The frequency of clinically significant coronary artery disease (CAD) among stroke patients and the impact of CAD on stroke rehabilitation were studied in 132 patients with first thrombotic or embolic stroke who participated in comprehensive rehabilitation. Sixty-one patients (46%) had a history of CAD, and 16 of the 61 also had congestive heart failure (CAD-CHF). Patients with CAD, and especially those with CAD-CHF, had significantly longer intervals from stroke onset to rehabilitation admission (p<0.001), and once in rehabilitation they experienced three times as many cardiac complications (p<0.001). While all patient groups improved function during rehabilitation, those with CAD and CAD-CHF unproved significantly less than did those without CAD (p<0.01). Patients with CAD did least well with rolling, moving in bed, transferring from a wheelchair to bed, and walking. CHF not only adversely influenced overall function and mobility task performance but also affected the potential for achieving functional gains. These data suggest that specific measures of function and rehabilitation are affected by CAD and that the levels of achievement for patients with CAD-CHF are limited.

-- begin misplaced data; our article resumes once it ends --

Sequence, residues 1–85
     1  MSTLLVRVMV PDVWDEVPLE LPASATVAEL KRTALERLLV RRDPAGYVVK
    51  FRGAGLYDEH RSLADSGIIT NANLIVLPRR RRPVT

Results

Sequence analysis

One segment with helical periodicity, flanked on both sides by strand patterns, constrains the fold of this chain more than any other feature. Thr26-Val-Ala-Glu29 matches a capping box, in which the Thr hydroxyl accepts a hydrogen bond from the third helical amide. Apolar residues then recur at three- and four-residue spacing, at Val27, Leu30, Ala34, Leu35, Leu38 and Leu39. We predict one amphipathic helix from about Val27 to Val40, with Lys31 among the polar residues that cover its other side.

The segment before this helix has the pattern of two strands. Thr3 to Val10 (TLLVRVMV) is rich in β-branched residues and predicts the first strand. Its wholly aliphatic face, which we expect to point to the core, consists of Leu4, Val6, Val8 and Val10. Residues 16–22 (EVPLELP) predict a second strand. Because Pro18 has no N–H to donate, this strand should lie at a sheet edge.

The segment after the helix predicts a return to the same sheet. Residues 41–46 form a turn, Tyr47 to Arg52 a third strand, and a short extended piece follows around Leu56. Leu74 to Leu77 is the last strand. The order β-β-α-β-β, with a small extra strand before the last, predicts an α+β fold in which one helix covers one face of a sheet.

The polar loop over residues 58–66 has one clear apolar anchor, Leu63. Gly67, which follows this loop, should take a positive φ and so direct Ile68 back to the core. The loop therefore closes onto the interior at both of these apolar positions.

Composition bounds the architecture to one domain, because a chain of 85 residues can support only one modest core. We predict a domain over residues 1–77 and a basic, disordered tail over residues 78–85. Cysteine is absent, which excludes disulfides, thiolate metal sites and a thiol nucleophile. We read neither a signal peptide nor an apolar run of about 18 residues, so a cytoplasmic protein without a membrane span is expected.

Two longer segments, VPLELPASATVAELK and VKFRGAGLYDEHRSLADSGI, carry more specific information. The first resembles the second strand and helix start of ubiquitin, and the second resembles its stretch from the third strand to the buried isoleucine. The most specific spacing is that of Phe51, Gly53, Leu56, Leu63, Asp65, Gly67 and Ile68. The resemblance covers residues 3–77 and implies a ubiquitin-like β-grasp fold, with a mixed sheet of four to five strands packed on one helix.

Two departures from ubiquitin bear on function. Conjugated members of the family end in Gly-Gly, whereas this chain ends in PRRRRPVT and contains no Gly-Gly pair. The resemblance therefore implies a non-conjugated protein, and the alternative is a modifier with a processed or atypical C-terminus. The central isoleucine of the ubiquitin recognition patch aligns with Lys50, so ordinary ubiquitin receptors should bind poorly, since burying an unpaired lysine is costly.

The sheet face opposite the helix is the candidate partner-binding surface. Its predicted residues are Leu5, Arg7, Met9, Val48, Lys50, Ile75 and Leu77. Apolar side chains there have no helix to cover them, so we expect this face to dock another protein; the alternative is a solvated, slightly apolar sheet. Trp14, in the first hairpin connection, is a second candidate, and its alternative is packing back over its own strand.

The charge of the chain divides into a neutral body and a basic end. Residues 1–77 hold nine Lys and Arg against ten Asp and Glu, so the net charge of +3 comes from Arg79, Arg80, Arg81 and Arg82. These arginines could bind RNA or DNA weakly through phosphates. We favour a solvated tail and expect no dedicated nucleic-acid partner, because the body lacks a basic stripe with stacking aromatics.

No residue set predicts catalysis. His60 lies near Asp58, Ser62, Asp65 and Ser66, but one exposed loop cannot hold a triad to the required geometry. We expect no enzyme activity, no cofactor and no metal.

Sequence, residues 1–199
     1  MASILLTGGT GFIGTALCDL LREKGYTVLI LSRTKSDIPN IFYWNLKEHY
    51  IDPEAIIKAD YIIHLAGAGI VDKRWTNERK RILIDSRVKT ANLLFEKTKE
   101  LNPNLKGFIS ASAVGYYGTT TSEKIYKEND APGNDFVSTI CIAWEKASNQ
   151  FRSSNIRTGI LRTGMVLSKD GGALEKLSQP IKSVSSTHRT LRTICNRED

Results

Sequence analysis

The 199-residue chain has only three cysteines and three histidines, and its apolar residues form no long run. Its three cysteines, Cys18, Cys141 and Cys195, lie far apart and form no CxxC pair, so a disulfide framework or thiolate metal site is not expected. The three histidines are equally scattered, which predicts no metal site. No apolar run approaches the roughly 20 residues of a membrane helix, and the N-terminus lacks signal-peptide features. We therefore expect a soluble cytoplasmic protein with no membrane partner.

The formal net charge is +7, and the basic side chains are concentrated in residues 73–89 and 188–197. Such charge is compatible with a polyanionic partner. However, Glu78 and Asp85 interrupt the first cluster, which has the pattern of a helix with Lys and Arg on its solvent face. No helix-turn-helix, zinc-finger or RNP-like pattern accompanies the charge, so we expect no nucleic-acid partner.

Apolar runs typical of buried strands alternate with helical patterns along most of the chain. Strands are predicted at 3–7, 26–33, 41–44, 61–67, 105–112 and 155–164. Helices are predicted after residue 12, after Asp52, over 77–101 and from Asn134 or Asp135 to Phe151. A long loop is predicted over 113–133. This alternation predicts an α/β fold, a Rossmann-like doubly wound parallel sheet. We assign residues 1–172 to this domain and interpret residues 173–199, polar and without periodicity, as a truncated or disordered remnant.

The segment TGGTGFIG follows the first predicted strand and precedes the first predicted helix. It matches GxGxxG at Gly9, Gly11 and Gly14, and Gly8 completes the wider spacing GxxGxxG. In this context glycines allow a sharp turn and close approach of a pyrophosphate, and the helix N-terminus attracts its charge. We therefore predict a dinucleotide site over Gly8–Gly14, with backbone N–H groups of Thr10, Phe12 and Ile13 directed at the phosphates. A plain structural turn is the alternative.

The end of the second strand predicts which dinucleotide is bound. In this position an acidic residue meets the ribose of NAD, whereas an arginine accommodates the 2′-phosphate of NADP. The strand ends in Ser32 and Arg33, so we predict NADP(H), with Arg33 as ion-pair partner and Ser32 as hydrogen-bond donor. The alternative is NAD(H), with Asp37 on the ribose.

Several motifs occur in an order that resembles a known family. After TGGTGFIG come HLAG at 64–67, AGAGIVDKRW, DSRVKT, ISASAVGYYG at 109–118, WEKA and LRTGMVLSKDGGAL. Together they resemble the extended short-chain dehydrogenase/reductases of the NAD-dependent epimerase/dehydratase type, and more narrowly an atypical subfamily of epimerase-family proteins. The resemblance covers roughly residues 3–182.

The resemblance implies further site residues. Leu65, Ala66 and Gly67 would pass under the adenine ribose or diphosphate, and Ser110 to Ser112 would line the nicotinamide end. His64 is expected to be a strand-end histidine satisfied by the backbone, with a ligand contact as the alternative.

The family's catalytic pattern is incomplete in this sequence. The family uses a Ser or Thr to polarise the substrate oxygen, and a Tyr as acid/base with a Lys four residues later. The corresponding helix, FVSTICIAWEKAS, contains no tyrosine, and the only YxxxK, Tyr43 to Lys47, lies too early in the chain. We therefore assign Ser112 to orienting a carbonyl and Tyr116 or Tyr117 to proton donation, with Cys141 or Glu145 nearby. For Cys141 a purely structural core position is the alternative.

|Original language||English (US)|
|Number of pages||6|
|State||Published - Jan 1988|
ASJC Scopus subject areas
- Clinical Neurology
- Cardiology and Cardiovascular Medicine
- Advanced and Specialized Nursing